Amid all the early stresses of wedding planning, filling out a wedding registry was supposed to be the fun part. Who wouldn’t have fun making a big wish list of gifts?
But as friends and family are excitedly suggesting items for me to build a registry, I grow more and more uncomfortable with the concept of implicitly asking friends and family for a bunch of stuff that I would never buy for myself.
First off, I adore my friends and family and would be overjoyed at receiving nothing more than seeing them at our wedding.
Secondly, as I think back to past weddings, when normally very sensible friends and relatives got high off the it’s-the-one-time-in-your-life-you-get-to-do-this mentality and went trigger happy at Bloomingdale’s or similar high-end stores, the more I realize that registering for exorbitantly priced household items just isn’t for me.
Here’s my fear: The engagement parties, showers, and the wedding all come and go and our very generous friends and family fill several moving boxes with thousands of dollars worth of very nice stuff, but we’re stuck in the irony of not having enough cash to pay for day-to-day life.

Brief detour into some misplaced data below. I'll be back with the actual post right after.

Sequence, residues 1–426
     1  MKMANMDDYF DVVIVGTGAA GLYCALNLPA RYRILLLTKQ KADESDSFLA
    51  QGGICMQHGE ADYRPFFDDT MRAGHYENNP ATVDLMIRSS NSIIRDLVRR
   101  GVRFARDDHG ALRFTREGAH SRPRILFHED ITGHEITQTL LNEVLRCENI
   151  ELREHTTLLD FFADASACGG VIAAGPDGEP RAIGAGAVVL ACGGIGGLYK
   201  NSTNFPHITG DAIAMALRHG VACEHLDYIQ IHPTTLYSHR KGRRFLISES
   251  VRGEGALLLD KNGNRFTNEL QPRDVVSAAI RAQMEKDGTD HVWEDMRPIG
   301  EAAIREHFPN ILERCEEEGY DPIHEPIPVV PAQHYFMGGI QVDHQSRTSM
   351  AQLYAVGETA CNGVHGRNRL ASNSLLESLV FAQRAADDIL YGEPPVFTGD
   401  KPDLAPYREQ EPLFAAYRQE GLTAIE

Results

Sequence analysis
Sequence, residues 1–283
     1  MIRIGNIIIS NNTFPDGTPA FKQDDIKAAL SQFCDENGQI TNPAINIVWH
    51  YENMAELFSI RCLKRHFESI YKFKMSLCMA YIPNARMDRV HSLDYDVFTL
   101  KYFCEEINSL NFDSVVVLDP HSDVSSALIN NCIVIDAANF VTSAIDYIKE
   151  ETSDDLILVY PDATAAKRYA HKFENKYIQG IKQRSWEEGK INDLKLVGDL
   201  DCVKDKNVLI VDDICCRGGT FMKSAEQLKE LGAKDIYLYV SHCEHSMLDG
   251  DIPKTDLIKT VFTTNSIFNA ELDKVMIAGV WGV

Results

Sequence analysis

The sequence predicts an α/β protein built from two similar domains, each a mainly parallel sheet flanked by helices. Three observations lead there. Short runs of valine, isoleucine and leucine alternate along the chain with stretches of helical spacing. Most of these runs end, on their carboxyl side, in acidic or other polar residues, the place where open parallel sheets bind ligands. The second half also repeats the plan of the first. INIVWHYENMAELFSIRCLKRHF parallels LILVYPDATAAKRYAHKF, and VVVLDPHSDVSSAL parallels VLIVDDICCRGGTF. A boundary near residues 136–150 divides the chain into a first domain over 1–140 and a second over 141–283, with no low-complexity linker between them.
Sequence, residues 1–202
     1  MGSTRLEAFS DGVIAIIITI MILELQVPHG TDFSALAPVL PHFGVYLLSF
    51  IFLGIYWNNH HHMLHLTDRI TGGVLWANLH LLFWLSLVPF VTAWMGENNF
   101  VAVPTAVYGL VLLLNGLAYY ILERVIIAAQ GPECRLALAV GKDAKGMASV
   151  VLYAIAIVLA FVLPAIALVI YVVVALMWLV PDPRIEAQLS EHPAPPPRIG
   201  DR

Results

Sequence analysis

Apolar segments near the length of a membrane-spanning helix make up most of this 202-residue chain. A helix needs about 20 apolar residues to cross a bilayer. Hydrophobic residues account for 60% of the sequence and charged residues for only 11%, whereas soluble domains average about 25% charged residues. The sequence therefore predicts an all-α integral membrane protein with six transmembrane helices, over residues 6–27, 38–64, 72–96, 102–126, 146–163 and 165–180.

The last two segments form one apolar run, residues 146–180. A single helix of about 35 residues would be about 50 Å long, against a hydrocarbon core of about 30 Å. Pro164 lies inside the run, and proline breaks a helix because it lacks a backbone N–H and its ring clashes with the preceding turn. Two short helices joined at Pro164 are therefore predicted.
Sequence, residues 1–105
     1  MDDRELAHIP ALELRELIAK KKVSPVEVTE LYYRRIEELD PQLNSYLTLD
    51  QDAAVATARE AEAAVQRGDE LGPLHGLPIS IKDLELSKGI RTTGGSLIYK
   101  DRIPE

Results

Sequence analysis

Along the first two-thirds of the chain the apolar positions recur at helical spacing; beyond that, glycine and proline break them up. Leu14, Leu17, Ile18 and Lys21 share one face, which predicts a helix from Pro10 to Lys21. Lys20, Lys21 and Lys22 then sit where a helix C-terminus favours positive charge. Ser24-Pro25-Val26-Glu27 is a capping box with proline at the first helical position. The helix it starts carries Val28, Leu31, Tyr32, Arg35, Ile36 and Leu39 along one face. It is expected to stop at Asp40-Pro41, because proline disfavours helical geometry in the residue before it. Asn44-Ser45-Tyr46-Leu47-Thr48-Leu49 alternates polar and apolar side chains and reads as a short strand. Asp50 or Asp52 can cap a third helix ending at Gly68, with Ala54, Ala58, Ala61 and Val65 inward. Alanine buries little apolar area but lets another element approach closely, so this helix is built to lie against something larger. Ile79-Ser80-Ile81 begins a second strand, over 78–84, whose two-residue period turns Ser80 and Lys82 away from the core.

To me, the opportunity to prepare for this milestone of getting married has very little to do with setting up a home — we’ve both been living as adults for years and even if we were starting from scratch wouldn’t buy overly fancy stuff anyway.
Maybe a stylish, designer bowl would look pretty in our cupboard and a tool that lets me slice zucchini more effortlessly would be novel (for a few days). But we have so many other financial obligations — and financial goals! — that it is really hard to justify the cool kitchen stuff.
If someone is going to spend dozens or even hundreds of dollars on a gift, I’d rather they put it toward helping us on our journey toward financial freedom rather than on the nicest set of bowls to eat soup out of. If it were our money, that’s certainly how we would rather spend it.
Some people have said that they’ll feel bad if they don’t buy us something tangible. But if they want to feel like they are giving us something valuable that will truly help us start our lives together on the right foot, spare us the extra storage space (which we don’t really have anyway). Cabinets full of nice things don’t make a happy marriage; happy people do.